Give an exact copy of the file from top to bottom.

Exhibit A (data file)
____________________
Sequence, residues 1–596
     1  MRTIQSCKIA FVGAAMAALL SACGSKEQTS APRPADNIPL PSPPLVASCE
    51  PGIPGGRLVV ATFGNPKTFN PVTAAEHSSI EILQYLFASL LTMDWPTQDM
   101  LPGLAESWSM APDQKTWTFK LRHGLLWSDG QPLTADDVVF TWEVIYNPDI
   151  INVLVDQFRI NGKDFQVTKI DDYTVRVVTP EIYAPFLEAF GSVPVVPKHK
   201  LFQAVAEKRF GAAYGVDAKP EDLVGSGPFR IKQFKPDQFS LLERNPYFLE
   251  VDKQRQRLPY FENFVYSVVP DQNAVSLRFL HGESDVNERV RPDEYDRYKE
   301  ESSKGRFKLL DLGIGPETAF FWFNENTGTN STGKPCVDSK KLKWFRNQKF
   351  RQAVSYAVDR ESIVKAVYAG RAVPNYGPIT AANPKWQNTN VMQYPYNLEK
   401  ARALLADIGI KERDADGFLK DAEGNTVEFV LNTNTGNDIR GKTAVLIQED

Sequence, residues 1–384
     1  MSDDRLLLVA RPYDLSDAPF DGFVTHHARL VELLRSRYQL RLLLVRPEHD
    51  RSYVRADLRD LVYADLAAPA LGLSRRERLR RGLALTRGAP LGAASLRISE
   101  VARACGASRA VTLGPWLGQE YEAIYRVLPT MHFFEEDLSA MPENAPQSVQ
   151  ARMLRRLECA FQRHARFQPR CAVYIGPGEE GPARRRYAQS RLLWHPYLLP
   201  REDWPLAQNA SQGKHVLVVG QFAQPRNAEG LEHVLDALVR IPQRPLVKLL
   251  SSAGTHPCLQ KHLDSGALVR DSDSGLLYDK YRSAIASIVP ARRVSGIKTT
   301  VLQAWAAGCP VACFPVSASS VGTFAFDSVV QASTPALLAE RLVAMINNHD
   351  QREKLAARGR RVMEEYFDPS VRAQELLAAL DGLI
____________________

Sequence, residues 1–596
     1  MRTIQSCKIA FVGAAMAALL SACGSKEQTS APRPADNIPL PSPPLVASCE
    51  PGIPGGRLVV ATFGNPKTFN PVTAAEHSSI EILQYLFASL LTMDWPTQDM
   101  LPGLAESWSM APDQKTWTFK LRHGLLWSDG QPLTADDVVF TWEVIYNPDI
   151  INVLVDQFRI NGKDFQVTKI DDYTVRVVTP EIYAPFLEAF GSVPVVPKHK
   201  LFQAVAEKRF GAAYGVDAKP EDLVGSGPFR IKQFKPDQFS LLERNPYFLE
   251  VDKQRQRLPY FENFVYSVVP DQNAVSLRFL HGESDVNERV RPDEYDRYKE
   301  ESSKGRFKLL DLGIGPETAF FWFNENTGTN STGKPCVDSK KLKWFRNQKF
   351  RQAVSYAVDR ESIVKAVYAG RAVPNYGPIT AANPKWQNTN VMQYPYNLEK
   401  ARALLADIGI KERDADGFLK DAEGNTVEFV LNTNTGNDIR GKTAVLIQED

Sequence, residues 1–384
     1  MSDDRLLLVA RPYDLSDAPF DGFVTHHARL VELLRSRYQL RLLLVRPEHD
    51  RSYVRADLRD LVYADLAAPA LGLSRRERLR RGLALTRGAP LGAASLRISE
   101  VARACGASRA VTLGPWLGQE YEAIYRVLPT MHFFEEDLSA MPENAPQSVQ
   151  ARMLRRLECA FQRHARFQPR CAVYIGPGEE GPARRRYAQS RLLWHPYLLP
   201  REDWPLAQNA SQGKHVLVVG QFAQPRNAEG LEHVLDALVR IPQRPLVKLL
   251  SSAGTHPCLQ KHLDSGALVR DSDSGLLYDK YRSAIASIVP ARRVSGIKTT
   301  VLQAWAAGCP VACFPVSASS VGTFAFDSVV QASTPALLAE RLVAMINNHD
   351  QREKLAARGR RVMEEYFDPS VRAQELLAAL DGLI